Education Center

How to remove medical bills?

How to remove medical bills?


How to Deal With Medical Bills on Your Credit Report

Unpaid medical bills take longer to hit your credit report and are weighed less heavily in some scores, but they can affect your credit.

A serious illness or injury can be disruptive. You need to heal, and you may be overwhelmed for a while as you put your work and family life back together.

There’s a strong chance your finances will be affected, too. If an unpaid medical bill makes its way to your credit reports, your credit scores could suffer for years. (Read more about your options for paying medical bills).

Here’s how unpaid medical bills affect your credit and how to deal with the fallout if you end up in collections.


Do medical bills affect your credit?

Unlike a bank or credit union, your doctor’s office probably doesn’t have a direct relationship with the three major credit bureaus that collect data and isn’t regularly reporting your payment information.

As of Sept. 15, 2017, there’s a 180-day waiting period before unpaid medical debts can show up on people’s credit reports.

Eventually, your medical provider may turn over an unpaid debt to a collections agency. The collector will then contact you and try to get you to pay up. At this point, your unpaid bill probably is showing up on your credit reports as having gone to collections.

This is where things get messy, because the information on your credit reports is used to create your credit scores. Failure to pay a bill affects the biggest factor determining your credit scores: payment history. Consequently, having a medical bill in collections can result in serious damage to your credit scores.

There is a way out, however: Medical collections will drop off a credit report if the bills are paid by a health insurer.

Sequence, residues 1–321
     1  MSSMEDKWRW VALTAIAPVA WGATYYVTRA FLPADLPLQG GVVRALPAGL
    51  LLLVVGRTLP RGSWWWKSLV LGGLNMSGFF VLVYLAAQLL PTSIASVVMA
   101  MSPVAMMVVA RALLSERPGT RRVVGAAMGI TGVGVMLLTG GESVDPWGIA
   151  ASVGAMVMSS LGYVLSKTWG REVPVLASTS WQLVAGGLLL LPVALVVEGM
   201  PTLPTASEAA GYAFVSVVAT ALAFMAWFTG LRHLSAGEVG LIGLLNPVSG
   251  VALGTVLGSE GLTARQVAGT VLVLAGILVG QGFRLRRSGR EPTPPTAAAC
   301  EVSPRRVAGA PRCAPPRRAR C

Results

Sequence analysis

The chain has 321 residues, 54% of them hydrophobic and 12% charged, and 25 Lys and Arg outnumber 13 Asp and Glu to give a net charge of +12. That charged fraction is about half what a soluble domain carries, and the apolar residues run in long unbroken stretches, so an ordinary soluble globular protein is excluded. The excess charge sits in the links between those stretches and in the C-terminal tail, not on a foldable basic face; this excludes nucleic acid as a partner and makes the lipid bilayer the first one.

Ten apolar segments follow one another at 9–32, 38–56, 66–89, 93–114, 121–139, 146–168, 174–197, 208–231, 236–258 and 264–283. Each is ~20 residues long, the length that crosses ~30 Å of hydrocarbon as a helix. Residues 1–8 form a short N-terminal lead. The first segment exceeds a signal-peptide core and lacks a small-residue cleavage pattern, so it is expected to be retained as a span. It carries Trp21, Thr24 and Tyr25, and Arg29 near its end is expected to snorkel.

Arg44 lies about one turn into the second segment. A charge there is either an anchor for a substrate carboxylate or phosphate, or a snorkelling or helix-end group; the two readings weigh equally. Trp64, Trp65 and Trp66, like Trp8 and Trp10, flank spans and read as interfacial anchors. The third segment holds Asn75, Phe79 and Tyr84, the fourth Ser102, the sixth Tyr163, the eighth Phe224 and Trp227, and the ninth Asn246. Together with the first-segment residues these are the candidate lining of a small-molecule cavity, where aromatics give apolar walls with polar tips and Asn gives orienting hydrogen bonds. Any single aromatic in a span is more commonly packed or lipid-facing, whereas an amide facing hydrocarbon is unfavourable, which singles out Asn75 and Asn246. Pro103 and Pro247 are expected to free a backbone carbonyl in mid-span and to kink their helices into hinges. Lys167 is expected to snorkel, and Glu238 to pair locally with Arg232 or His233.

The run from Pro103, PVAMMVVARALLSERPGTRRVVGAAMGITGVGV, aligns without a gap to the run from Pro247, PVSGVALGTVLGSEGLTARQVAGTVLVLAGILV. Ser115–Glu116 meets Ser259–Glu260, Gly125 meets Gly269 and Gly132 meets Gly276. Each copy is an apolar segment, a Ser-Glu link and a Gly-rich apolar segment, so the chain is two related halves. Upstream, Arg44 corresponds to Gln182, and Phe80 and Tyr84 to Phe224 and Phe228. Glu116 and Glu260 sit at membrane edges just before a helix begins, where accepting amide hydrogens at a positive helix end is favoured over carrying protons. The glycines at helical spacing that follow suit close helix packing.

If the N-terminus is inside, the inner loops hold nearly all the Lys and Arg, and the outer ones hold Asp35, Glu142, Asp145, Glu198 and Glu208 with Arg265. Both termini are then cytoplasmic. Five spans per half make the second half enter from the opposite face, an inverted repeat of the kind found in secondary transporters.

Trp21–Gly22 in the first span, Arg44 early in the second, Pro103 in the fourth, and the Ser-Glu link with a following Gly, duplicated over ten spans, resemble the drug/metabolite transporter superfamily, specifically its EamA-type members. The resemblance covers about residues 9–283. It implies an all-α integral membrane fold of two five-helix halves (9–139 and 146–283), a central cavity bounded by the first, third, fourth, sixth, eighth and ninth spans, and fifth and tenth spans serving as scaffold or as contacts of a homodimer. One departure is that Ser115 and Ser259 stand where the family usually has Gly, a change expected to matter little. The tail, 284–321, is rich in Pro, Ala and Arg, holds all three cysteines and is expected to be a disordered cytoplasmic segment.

How to Delete Medical Collections From Your Credit Report

To have medical collections deleted from your credit report, you should follow the same steps you’d use for any other kind of collections agency account.


Step 1. Validate the Debt

The Fair Debt Collection Practices Act gives you the right to ask a debt collector to verify the debt really is yours.

You can write the debt collector a debt validation letter asking for proof you owe the money. In your letter, ask the collections agency to remove the collection if they can’t prove you owe the money.

You’ll need to request validation within 30 days of your first contact with the collections agency to get the best results. If the debt collector can validate the debt, it’s time to move on to step 2.


Step 2. Dispute Inaccurate Information

If the debt is valid, get a copy of your free credit report and see if you can find any inaccurate information as it pertains to the medical collection.

Look for inaccurate information such as dates, balances, account numbers, names, etc. If you find anything that’s inaccurate, you should dispute the entry with the credit bureau — TransUnion, Equifax, or Experian.

The credit bureau will have 30 days to investigate your dispute. If they can’t verify the information is accurate or correct the data, it will likely be removed from your credit report.

You’ll have to stay on top of the credit bureaus. The Fair Credit Reporting Act requires them to answer your disputes, but working with large bureaus is seldom simple.


Step 3. Negotiate a payment plan

When your credit report shows valid and accurate data that has a negative impact on your credit score, you still have one more option: you can negotiate a payment in exchange for removing the negative element.

A collection agency often buys medical debt from your health care provider. If you owed your doctor’s office $ 2,000, the collection agency may have paid only $ 500 for your past-due debt.

In this case, the debt collector may be willing to accept less than the $ 2,000 you owe. You could offer to pay $ 800, for example, in exchange for closing the account and removing negative items from your credit report.

When using this strategy, always make sure to get payment arrangements in writing before submitting a payment. After making the payment, check your credit report to make sure the agency kept its promise.

Some agencies may want a lump sum, but you could try to negotiate monthly payments.

Or hire a professional to remove the collection
Credit repair companies exist to help you remove inaccurate information from your credit report.

You will have to pay a monthly fee to obtain these professional services. But they can save you a lot of time and energy.

As you can see from this post, credit reports for any type of collection are complex and time consuming.

Let us do your work, hire Chireo Credit Restoration Services to help you removed your medical bills.